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Cardinals’ Deal For Hopkins A No-Brainer, Sorry Houston

DeAndre Hopkins is now an Arizona Cardinal. That is going to take some time to get used to seeing on the field on a Sunday afternoon. In this sport-free world we currently live in it is nice to have something to talk (write) about again, but you have to feel a little for fans of the Houston Texans who saw arguably the biggest icon in the history of the franchise – and a premier player who is one of the very elite at his position in the league – be traded away for what seems like pittance in return.

The Texans walk away from this trade with a combination of running back David Johnson and a second round draft pick in their pocket. That does not feel like something that Texans fans should be good with given that they gave up a premier player in the prime of his career. Johnson is a solid player – he had a monster season in 2016 and was solid in 2018 – but he is injured too often and regressed to a player with 715 total yards and six total touchdowns last season.

Hopkins – by comparison – finished third in the league last season with 104 receptions. He also had 1,165 yards – good for 11th in the league – and he caught seven touchdowns. These numbers were down from his 1,5 72 yards and 11 touchdowns from 2018 and his 1,378 yards and 13 scores in 2017, but there were mitigating factors such as the health of wide receiver partner Will Fuller and how his lack of play would often lead to Hopkins playing an entire game in double coverage. Even then, he still was third in the NFL in catches.

This is not the first time that Texans’ GM Bill O’Brien has leaned towards the unconventional with his moves. Even by his standards though, this one is shocking. It is the most lopsided trade of the 2020 offseason already and it is arguably the most lopsided deal we have seen made in more than a decade.

That the Cardinals got better immediately when Johnson was replaced by Kenyan Drake – who Arizona plucked from the Dolphins for a sixth-round pick midseason last year – should tell you everything you need to know about why this premier player and elite WR should have had more value than this.

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Jaguars Continue To Build Home Crowd In London

As the premier league in the world, the NFL is always trying to find new ways to push boundaries and become more marketable.

Super Bowl LIV, which saw the Kansas City Chiefs beat the San Francisco 49ers 31-20 after a frantic second half comeback, pulled in almost 100 million viewers in the United States.  However, the league and commissioner Roger Goodell know that the key to expansive growth – and thus more money for the franchises – is to be found overseas.

The NFL has been aggressively pursuing this angle and as the premier league of its kind in exploring international markets, the experiments have been a success. Ever since the league started staging a game in London every year – which quickly became multiple games in London featuring different teams each time – the theory has been that Goodell and the other owners want to see a full time franchise based in the city of around nine million people.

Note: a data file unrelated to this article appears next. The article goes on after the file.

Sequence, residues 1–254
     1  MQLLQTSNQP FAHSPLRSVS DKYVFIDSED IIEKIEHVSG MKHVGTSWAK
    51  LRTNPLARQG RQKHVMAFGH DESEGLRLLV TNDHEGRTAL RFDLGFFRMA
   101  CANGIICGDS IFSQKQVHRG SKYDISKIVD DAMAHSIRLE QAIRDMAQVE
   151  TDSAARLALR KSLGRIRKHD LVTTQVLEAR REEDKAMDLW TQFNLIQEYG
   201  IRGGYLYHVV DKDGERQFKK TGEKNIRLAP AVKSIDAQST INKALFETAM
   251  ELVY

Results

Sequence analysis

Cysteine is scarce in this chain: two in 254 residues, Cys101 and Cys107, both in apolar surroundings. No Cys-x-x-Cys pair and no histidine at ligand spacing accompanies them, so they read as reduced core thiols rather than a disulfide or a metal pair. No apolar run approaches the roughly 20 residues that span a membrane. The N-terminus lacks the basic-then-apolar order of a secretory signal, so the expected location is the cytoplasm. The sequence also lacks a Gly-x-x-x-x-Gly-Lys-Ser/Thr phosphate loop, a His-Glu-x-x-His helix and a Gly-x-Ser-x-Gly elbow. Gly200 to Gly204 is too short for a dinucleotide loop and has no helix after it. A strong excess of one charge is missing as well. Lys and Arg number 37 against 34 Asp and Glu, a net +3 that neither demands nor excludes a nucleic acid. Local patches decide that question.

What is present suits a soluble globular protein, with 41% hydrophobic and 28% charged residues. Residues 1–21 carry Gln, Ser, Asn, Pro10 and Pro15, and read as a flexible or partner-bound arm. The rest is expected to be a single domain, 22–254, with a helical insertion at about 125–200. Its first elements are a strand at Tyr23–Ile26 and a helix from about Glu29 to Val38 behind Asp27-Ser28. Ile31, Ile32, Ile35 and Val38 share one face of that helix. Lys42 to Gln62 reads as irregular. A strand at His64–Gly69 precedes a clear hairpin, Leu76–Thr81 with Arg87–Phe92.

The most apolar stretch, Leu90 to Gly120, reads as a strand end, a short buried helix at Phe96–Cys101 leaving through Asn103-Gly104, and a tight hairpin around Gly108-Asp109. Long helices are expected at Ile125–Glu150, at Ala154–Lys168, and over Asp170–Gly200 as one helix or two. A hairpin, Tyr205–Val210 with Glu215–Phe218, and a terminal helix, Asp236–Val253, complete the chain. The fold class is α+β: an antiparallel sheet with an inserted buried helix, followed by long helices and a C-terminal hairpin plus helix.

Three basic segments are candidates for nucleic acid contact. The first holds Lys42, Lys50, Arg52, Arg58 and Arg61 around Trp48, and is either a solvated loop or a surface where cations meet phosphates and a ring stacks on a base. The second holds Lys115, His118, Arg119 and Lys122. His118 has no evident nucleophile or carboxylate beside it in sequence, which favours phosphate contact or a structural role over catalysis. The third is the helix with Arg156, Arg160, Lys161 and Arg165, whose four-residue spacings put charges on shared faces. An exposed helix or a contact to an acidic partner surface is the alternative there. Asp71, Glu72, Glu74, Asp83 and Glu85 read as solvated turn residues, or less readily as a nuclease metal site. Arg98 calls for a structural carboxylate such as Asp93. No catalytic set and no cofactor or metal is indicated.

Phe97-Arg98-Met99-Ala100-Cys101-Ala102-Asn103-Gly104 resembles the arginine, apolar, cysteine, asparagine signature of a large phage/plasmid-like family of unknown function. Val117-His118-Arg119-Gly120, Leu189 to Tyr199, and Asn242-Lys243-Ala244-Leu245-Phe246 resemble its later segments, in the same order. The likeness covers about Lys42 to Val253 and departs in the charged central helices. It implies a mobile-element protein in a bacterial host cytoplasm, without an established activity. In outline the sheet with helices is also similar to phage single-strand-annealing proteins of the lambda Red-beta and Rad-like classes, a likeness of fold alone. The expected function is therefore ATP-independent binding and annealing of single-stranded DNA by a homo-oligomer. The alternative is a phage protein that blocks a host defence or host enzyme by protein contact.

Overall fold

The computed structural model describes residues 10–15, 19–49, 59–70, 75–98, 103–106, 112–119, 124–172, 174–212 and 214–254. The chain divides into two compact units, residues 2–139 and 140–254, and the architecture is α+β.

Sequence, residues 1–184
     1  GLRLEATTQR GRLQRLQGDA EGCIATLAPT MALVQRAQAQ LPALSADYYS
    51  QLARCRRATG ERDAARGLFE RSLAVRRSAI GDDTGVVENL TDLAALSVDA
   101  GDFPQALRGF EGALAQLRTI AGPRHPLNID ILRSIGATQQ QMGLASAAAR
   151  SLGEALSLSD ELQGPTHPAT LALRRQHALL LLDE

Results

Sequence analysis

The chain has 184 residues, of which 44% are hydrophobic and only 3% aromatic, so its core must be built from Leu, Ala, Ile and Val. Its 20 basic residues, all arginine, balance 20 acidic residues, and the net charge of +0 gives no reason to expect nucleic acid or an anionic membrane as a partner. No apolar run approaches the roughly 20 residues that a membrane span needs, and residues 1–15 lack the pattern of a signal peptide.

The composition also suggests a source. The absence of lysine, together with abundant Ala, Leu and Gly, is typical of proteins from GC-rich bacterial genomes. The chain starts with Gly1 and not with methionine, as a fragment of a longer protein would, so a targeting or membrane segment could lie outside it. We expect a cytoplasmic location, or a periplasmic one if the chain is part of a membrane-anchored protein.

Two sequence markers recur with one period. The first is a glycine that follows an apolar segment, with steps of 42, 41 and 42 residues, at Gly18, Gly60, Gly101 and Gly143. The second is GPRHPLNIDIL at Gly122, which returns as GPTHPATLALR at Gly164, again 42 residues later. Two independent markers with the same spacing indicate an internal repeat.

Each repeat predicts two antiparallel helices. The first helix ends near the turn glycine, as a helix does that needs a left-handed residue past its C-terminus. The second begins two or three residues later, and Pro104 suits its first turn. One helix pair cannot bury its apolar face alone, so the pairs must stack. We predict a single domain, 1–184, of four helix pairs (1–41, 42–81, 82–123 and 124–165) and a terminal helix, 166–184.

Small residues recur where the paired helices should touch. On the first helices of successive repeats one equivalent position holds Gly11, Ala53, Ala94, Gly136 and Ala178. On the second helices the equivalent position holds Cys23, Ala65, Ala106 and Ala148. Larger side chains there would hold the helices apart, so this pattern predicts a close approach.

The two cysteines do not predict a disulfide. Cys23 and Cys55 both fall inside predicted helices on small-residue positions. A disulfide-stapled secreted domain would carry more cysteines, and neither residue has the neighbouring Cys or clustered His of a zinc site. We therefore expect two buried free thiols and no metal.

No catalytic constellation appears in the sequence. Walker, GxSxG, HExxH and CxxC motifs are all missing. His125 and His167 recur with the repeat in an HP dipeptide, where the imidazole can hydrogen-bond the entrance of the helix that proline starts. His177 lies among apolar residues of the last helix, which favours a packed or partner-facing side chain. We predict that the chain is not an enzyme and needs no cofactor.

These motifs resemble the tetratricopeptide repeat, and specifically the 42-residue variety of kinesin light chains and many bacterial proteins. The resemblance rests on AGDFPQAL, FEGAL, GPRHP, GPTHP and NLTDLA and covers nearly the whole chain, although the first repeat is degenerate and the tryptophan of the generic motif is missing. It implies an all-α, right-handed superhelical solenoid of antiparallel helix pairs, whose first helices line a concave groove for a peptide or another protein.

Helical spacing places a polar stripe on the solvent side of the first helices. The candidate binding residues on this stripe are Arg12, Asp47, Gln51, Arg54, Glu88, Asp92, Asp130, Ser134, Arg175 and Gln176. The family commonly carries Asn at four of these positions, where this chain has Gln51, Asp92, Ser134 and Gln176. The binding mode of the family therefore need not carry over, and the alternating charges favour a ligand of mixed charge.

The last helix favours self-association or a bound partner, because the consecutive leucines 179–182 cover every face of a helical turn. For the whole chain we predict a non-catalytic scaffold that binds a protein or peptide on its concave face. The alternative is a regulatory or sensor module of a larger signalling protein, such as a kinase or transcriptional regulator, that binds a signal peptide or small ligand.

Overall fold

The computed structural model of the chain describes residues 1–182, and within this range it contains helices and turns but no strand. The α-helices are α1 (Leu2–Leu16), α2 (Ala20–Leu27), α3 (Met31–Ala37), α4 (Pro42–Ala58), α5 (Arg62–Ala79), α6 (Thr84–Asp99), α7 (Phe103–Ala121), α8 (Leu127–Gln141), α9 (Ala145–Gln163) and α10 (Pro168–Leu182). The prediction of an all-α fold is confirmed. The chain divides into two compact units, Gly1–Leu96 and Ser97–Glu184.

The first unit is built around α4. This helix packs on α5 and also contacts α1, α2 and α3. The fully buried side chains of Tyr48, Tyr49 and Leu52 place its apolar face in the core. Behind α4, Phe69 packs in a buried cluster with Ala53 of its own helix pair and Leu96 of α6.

As of the 2020 season, we may just be a little closer to seeing this happen.

The Jacksonville Jaguars – a team long considered likely to be the first franchise moved if such an opportunity became available – will be playing two “home” games at Wembley Stadium in the English capital next season. It is common knowledge that the Jags don’t always draw well and that their games at Wembley actually pull in more than double the money of a game at TIAA Bank Field.

The Jags are feeling extra pressure to increase their share of the league revenue after some of the lower-earning teams in the league have recently relocated. With the Rams, Charges, and Raiders moving to Los Angeles, Los Angeles, and Las Vegas respectively from small-market cities, the league is clearly encouraging teams to look for additional revenue opportunities.

Much of the Jags future in Jacksonville is tied to a $700 million entertainment complex planned to be built around the stadium, but that has yet to receive a green light. That makes this a huge opportunity for London – and the fans in the UK – to prove they can get behind a specific team for a couple of weekends in a row and really show the NFL that relocating an actual franchise would be a great move.

Without knowing it we may be looking at the first step in a new era of international expansion for the premier league in world sport.

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Coach Reid’s Play Innovation Keeps Chiefs Competitive

The premier coach in the NFL to never win a Super Bowl no longer carries that damning caveat on his resume. As of Super Bowl LIV, Kansas City Chiefs’ Head Coach Andy Reid will always be known as a Super Bowl winner to go along with all the other accolades he has picked up throughout his Hall of Fame caliber career.

Big Red – as he is affectionately known – is one of the most well liked and most respected men in the history of the National Football League. He is such a down to earth character that Reid celebrated the AFC title game that put him within 60 minutes of the crowning achievement for a coach by eating a cheeseburger and going to bed.